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Tuesday, August 9, 2011

Why Do Christians Tend to Avoid Evangelism? Reason #3

Christ set out to aggressively meet the many needs of people—spiritually, emotionally, physically, and mentally. When He left this earth, He gave this mission to His disciples.

Today, we might call this ministering, and so we hire professional ministers to do the work. I am convinced this is why churches seem so uninterested in evangelism. Many churches expect their pastors to do the work of ministry. I've been told that as a pastor.

The great question, here, is “Why are we not obedient to the Great Commission?” Before you feel that I am placing all the blame on the senior pastor and his seminary, allow me to shed some clarity on where I am going with this. I have often wondered if we have professionalized the role of the pastor to the point where we expect far too much of him.

Take a drive through a large town, like Houston, and you’ll see billboards advertising local churches. Whose picture might you see? If you guessed “the senior pastor,” you’re correct. The senior pastor is the face of the local church. Everything is based on him. Nothing can get done without him. Churches come to a screeching halt when a pastor leaves until the search committee hires a new one.

If you conducted a survey in your church to find what people desired most out of their senior pastor, I’m willing to bet the results would show your church would like to hire Jesus, the Messiah. This makes much sense to me because there are people in your church. There are those who hurt emotionally and need a counselor. Those who suffer need someone to offer peace. Those who are confused need an instructor, and those who are down need encouragement.

Then, there are sick people who need to be visited in the hospital. There are singles who get married, marriages to be saved, and the dead need to be buried. Then there are the sermons. The people need deep, practical, persuasive, powerful, calm, meaningful, emotional, and convicting sermons…every Sunday. They need someone who can lead with grace, energy, and victory.

In other words, the people in the local church need a professional teacher, preacher, trainer, counselor, comforter, administrator, leader, and so on. And we tend to look to one man to offer all the above. Perhaps we have forgotten who Christ gave to the Church “to equip the saints to do the work of ministry.”

And then we come to evangelism. Just another item to add to his list of professions?

Here is what Paul stated in Ephesians 4:11-13,

“So Christ himself gave the apostles, the prophets, the evangelists, the pastors and teachers, to equip his people for works of service, so that the body of Christ may be built up until we all reach unity in the faith and in the knowledge of the Son of God and become mature, attaining to the whole measure of the fullness of Christ.”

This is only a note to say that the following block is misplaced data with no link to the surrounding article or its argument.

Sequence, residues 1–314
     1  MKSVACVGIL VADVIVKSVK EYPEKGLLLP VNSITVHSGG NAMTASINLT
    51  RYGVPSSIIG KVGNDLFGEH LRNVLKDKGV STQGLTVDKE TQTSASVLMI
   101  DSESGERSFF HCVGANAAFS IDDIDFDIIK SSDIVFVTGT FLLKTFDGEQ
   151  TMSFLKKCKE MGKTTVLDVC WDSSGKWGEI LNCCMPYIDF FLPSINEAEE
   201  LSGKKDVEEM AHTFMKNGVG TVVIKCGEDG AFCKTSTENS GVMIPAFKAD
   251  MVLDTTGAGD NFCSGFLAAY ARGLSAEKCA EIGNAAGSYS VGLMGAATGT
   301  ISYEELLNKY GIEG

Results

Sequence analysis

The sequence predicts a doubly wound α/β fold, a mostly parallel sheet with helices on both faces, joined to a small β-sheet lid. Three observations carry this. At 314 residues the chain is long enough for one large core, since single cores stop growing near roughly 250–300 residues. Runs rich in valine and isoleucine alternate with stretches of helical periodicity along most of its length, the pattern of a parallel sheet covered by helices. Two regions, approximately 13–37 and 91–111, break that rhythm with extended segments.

Basically, the apostles and prophets were used as the foundational builders of the Church (as seen in Acts), and then there are pastors, teachers, and evangelists. We see many pastors and teachers in churches today, but where are the evangelists Christ gave? Has our Head ceased in supplying evangelists in churches to continue to edify the body to reach the maturity of which Paul spoke?

I do not believe Christ has ceased in giving His Church evangelists. I believe they are all over the place, and many of them are working. However, they are not popular. They don’t have pictures on billboards, or business cards to hand out to people. They may not have master’s degrees or doctorates. They probably don’t have offices inside buildings. But the evangelists are out there. They are in your church. I wonder how many there are in your church, but who have not become evident because evangelism is not the desired answer to the ever popular question: What will it take to pack out our building on Sunday morning?

It appears in Scripture that the office of the evangelist was just as important as the office of the pastor and teacher. I am not suggesting churches ought to spend extra money and put mug shots of evangelists next to the senior pastor. And I'm certainly suggesting popularity. In fact, I am not suggesting anything, save the one principle that to Christ, evangelism was equally as important as the preaching of the Scriptures.

Yet, we tend to bank everything in the local church on one human being—the senior pastor. We recognize that office, but neglect the office of the evangelist in the local church. More often than not, the senior pastor is not gifted in evangelism, and rightly so. He is gifted in teaching, or leading, or something else that the majority of the people sought for when they hired him. He is gifted by the Holy Spirit to properly teach God’s Word, or lead with enthusiasm, or administer with grace.

I’m convinced our churches do not evangelize because the evangelists are not evident. And the evangelists can lead others to effectively bring the holistic gospel to the nations. This is being obedient to our Head who gave the evangelist to His Body.

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